Booknet Canada is releasing the results of its Canadian Book Consumer survey in a three-part blog series, the first of which focused on Canadians who bought at least one book in March, June, September or December 2020. Among the highlights:
About 75% of purchases were print books, while digital books made up about 25%. Paperback purchases accounted for about half of book purchases and hardcovers 25%, with paperbacks trending slightly down from 2018 to 2020, while hardcovers were mostly flat. Audiobook purchases hovered between 2% and 8%, trending slightly upwards over the last few years.
At the end of 2019, online purchases had been trending slightly downward, but that altered in March 2020 as pandemic-induced restrictions affected demand. At the end of 2020 in December, online purchases rose to 65%, a 24% increase from the fourth quarter in 2019. Overall in 2020, 65% of purchases were made online (website or app), and 29% of purchases were bought in person.
In 2020, 50% of purchases were made via an online retailer, 23% at a bookstore, 12% from a general retailer or grocery store and 7% from both mobile apps and e-book/audiobook stores. About three-quarters of Canadians bought where they did because of the price (74%). They also bought because the book(s) were in stock or available immediately (71%) or it was a convenient place to shop (69%).
Slightly more than half of buyers bought their books at full price (55%), while 28% bought a discounted book. The rest used a coupon or bought the book as part of a multi-buy deal or subscription.
|Almost Corner Bookshop in Rome
Italy has classified books as "essential," meaning bookshops can remain open even as half the country has been placed in a maximum-level Covid-19 red zone, "in what is effectively a return to the lockdown days of this time last year," Wanted in Rome reported.
ALI Confcommercio, Italy's booksellers association, welcomed the recognition of books as "essential goods, WiR noted, adding that opening is optional for booksellers and the usual anti-covid rules apply, with customers filling in their self-declaration form accordingly. Bookstores located inside shopping malls are also allowed to open, and bookdealers can continue making home deliveries.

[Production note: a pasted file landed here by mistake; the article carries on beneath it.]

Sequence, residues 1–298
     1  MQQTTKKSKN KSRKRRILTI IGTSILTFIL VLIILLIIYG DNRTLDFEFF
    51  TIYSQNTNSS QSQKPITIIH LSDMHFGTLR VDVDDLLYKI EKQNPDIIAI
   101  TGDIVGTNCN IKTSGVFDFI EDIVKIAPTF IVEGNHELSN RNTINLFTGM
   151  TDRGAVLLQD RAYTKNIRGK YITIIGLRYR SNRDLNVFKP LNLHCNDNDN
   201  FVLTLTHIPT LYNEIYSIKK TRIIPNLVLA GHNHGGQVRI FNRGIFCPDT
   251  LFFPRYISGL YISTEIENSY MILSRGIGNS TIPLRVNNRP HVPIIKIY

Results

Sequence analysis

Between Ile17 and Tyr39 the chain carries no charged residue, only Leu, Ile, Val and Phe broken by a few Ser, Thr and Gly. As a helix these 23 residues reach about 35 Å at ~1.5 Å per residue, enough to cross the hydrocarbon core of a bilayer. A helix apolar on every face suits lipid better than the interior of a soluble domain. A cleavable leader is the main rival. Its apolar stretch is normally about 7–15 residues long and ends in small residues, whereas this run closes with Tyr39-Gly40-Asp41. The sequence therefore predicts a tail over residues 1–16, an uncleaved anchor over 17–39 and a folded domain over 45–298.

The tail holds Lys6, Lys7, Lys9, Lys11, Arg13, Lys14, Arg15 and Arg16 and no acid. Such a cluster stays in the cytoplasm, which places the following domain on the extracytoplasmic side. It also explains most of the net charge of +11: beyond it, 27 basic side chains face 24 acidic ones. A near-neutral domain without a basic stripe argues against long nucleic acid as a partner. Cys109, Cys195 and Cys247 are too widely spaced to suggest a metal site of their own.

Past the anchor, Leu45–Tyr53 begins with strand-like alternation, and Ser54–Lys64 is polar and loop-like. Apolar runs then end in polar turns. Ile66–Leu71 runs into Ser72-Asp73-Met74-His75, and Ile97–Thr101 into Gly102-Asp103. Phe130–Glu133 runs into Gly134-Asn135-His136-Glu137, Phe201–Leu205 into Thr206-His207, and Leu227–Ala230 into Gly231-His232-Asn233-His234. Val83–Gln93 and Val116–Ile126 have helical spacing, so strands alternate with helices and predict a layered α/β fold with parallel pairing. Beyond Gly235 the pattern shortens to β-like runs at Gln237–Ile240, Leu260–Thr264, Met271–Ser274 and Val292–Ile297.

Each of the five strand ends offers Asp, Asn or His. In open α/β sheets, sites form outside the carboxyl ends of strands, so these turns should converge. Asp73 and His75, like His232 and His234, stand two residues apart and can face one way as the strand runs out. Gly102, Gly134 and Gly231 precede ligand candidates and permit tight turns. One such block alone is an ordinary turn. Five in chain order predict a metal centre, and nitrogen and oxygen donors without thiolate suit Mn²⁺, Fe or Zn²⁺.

The Almost Corner Bookshop in Rome posted on Facebook: "Well, here we go again, from Monday we will be back in lockdown, but there is some good news, the Almost Corner Bookshop will be open. So if you need an excuse to get out the house come visit us, stock up for the coming weeks and if you don't want to go out we will be happy to deliver."
|Livraria Ler Devagar
Portuguese bookseller Livraria Ler Devagar (Read Slowly Bookstore) in Lisbon "was among the few businesses allowed to reopen on Monday as the government slowly eases a lockdown imposed in mid-January to control what was then the world's worst coronavirus surge," Reuters reported. Owner Jose Pinho's bookshop, "in an old factory-turned-creative hub, one of the city's coolest spots, is popular among tourists but they were nowhere to be seen and the streets were nearly deserted."
"There's a belief that never leaves me: this will end," he said. "The problem is how long it will take and under what conditions we are going to live until then. That's the big drama."
Ler Devagar's revenues dropped 52% in 2020, but thus far this year business has gotten even worse, down 88% from last January through March.
"It could become a tragedy if we are not able to make it and have to shut," Pinho said "What motivates us is to think that... it won't be another year." --Robert Gray